First up: freshly caught Cornish mackerel, cured and served in a bowl with sweet sake and topped with elderflower and sliced gooseberries — a lip-smackingly tart, refreshing starter. The third course brought a ramen-style dish of ichiban dashia flavour-packed soup made with fresh kombu dried kelp and katsuo dried bonito flakes.

In the centre sits a circle of wonderfully flakey pollock kobujime a Japanese technique where fish is aged between two sheets of kelpsprinkled with small but mighty wild garlic capers, giving a burst of tangy acidity followed by a rich, garlicky flavour. Up next was the Selby take on a duck pancake: a bao bun filled with barbecued duck, studded with sesame seeds and splinters of cucumber.

The main used the rest of the duck, dry-aged for eight days in a Himalayan-salt chamber. Slices of pink meat were served with charred greens, baked turnip, and a jasmine and citrus sauce. Closing the menu was a sake-soaked savarin with Kentish strawberries and ice cream. The mussels were served alongside Susumante, a fresh and zingy sparkling Italian wine that enhanced the umami flavours, while the dashi was served with a rice lager to capture a traditional izakaya atmosphere.

At The Mulwray bar, chat to Sarah for recommendations on post-supper tipples to round off the evening. This close-knit team works flawlessly together, with tangible passion and a real family atmosphere, to ensure an evening of delightful food and drink.

By Olivia Morelli. This narrow Soho space has been open — and then closed, open again, closed again, and so on — since Young couples and boisterous groups sip on beer from the bottle, as it should be inside and out on the street, where the team have put up tables for supper in the sun, plus a tent should it rain. Pre-pandemic, Mr Ji operated as takeaway. Now the sit-down menu still includes street-food staples — burgersfries, spring rolls — that have been ramped up.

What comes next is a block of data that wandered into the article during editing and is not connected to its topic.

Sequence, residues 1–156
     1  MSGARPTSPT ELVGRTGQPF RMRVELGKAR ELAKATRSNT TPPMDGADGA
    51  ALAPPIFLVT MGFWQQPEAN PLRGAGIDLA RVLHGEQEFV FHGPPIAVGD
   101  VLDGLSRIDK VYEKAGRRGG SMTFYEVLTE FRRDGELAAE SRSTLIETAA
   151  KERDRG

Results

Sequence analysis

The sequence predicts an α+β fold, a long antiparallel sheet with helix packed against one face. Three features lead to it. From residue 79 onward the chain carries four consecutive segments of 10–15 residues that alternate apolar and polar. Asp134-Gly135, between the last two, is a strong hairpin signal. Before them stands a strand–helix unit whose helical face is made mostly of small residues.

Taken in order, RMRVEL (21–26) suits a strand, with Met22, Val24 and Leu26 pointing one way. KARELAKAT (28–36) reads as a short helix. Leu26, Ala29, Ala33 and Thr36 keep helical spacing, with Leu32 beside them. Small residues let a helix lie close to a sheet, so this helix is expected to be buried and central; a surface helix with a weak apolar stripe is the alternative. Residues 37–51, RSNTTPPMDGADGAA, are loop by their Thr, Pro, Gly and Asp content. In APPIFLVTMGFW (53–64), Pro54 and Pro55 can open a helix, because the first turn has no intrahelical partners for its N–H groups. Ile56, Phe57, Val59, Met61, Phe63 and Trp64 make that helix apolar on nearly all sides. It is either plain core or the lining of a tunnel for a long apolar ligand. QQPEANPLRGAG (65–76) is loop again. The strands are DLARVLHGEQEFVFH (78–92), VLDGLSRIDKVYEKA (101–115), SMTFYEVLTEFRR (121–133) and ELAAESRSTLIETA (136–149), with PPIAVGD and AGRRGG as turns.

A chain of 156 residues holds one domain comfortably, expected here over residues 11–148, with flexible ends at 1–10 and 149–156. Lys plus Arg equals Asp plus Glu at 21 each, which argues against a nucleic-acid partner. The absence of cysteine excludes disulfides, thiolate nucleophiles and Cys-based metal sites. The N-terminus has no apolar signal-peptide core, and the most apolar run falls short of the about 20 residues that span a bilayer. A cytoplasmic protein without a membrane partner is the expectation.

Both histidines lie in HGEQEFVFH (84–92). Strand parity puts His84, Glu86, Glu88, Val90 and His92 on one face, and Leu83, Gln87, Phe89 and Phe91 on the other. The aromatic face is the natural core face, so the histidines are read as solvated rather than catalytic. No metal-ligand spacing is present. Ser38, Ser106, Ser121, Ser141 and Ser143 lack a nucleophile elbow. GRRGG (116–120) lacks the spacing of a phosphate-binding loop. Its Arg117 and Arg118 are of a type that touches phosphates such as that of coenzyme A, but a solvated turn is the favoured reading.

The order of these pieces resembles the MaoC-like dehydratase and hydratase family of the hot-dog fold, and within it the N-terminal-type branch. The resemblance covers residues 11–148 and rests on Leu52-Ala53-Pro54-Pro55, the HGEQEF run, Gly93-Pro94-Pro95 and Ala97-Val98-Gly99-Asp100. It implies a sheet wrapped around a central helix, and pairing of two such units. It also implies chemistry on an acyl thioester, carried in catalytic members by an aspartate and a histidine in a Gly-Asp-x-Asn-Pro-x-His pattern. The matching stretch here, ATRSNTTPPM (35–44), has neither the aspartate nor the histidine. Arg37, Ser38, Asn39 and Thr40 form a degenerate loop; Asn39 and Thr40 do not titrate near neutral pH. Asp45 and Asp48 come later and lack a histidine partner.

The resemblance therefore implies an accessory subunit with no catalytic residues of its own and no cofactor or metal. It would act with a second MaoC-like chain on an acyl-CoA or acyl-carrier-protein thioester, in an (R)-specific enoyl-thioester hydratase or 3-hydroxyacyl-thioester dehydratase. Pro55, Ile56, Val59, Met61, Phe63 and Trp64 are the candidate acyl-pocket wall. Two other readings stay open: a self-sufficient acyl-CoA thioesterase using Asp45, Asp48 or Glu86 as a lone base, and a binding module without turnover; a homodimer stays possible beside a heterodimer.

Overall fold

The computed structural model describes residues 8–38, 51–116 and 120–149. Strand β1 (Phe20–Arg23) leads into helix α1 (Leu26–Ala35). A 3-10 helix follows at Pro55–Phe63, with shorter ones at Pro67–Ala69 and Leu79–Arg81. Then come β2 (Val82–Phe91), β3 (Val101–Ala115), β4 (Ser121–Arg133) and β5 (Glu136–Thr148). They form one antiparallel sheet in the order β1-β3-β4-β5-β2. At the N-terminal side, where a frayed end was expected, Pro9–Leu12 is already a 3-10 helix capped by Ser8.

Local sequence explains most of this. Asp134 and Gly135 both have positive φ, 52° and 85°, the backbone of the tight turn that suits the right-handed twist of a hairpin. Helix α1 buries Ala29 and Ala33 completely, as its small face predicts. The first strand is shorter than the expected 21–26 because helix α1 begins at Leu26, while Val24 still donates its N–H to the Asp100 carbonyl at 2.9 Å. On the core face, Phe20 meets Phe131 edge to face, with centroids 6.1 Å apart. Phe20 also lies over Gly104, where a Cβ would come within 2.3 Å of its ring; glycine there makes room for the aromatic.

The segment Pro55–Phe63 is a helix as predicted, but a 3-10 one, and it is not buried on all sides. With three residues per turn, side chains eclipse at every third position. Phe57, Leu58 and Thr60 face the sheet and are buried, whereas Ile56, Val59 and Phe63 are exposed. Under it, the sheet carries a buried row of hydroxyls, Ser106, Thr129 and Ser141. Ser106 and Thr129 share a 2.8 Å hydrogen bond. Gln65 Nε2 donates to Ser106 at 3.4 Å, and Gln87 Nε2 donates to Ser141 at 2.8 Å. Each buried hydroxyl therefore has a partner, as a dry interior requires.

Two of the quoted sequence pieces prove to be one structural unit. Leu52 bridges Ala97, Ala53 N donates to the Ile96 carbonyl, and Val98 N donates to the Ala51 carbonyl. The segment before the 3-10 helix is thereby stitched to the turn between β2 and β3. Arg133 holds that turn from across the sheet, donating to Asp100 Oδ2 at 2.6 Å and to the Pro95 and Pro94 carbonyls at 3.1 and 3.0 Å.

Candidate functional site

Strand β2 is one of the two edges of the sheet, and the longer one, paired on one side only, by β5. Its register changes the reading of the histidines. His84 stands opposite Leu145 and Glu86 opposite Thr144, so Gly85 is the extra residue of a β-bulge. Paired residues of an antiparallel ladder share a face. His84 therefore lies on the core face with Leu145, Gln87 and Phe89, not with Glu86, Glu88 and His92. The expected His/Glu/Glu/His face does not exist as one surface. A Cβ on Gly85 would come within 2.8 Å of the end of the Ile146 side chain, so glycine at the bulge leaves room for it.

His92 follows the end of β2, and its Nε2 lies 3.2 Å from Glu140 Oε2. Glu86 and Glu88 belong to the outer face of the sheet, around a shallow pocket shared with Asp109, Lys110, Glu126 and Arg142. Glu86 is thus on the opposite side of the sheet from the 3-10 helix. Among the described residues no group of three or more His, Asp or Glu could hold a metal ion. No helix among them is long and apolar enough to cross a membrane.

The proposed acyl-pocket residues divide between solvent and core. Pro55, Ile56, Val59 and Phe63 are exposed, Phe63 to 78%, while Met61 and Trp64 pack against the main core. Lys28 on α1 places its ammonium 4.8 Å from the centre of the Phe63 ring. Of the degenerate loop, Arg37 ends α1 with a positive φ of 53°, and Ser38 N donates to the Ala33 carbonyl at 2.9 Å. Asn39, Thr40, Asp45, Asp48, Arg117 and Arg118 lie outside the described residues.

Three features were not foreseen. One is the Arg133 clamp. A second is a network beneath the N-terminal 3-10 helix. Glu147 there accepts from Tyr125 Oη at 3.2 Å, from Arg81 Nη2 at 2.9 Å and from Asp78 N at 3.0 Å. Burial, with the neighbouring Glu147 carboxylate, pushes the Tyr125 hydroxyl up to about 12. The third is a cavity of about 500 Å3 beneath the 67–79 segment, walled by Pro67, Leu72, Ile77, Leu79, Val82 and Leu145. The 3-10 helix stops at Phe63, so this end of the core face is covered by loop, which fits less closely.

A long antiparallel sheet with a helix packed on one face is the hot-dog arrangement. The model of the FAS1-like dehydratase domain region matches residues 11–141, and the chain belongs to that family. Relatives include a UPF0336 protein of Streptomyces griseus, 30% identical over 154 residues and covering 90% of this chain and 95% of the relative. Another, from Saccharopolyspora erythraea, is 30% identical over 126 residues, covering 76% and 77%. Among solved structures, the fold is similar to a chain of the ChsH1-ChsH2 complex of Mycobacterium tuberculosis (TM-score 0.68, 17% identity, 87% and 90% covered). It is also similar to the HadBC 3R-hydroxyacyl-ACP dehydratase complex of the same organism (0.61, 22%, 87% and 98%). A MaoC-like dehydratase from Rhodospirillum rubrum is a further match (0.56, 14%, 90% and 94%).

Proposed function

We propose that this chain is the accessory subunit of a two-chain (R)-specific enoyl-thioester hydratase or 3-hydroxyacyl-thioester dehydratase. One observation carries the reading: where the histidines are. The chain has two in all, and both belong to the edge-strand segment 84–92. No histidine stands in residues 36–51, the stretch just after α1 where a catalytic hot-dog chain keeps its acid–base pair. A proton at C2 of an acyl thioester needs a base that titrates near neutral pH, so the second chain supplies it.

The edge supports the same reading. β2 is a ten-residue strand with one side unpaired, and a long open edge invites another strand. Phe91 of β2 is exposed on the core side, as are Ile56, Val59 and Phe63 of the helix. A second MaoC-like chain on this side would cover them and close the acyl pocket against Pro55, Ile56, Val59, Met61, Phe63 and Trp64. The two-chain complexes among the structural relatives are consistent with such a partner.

Start with chicken hearts coated in panko crumbs and dolloped with sticky-sweet curry sauce. Mains are all, unsurprisingly, chicken-focused: we tried the double-cooked chicken-thigh bites with crunchy chillies think crispy chilli beef from your favourite Chinese takeawaywhich was juicy and zingy, and the Sichuan burger, served in a pineapple bun with refreshing cucumber salad. Sides range from kimchi and cold noodle salad to Taiwanese-spiced fries, which are crinkle-cut in a delightful throwback. The cocktail menu is short but interesting: a tart Salted Plum Negroni is made with mezcal, tequila, Campari and plum wine, while the citrusy Oh Ji Iced Tea mixes Irish whiskey with lemon tea and mandarin cordial.

Grannies Manteca ups com

Start with a cocktail but finish with a beer — Chinese Tsingtao is served ice cold and makes for a perfect accompaniment to the spicy mains. This feels like a pocket of secret London, only to be stumbled upon by those with arcane knowledge of the city. Sitting at the counter, the world outside, while sushi-grade tuna is sliced a few inches away, feels like just the kind of experience we want right now.

Spoiler alert: for those who want each and every of the 20 courses to be a surprise, look away. Talking of the plates, Taiji spent lockdown learning how to throw clay and made many of the ceramics here the chopsticks, however, are not whittled by him. But he also spent his time scouring the country for raw ingredients.

Just as Santiago Lastra at Kol has spliced authentic Mexican recipes with as much British produce as he can, chef Taiji has done the same for Japanese dishes. Some courses come with the scent and tang of the sea, others are laid on our bare hands to be wolfed down in a single mouthful. A bowl of turnip, scallop-like in its whiteness, puddled in a sauce made with soil for real English terroir.

Grannies Manteca ups com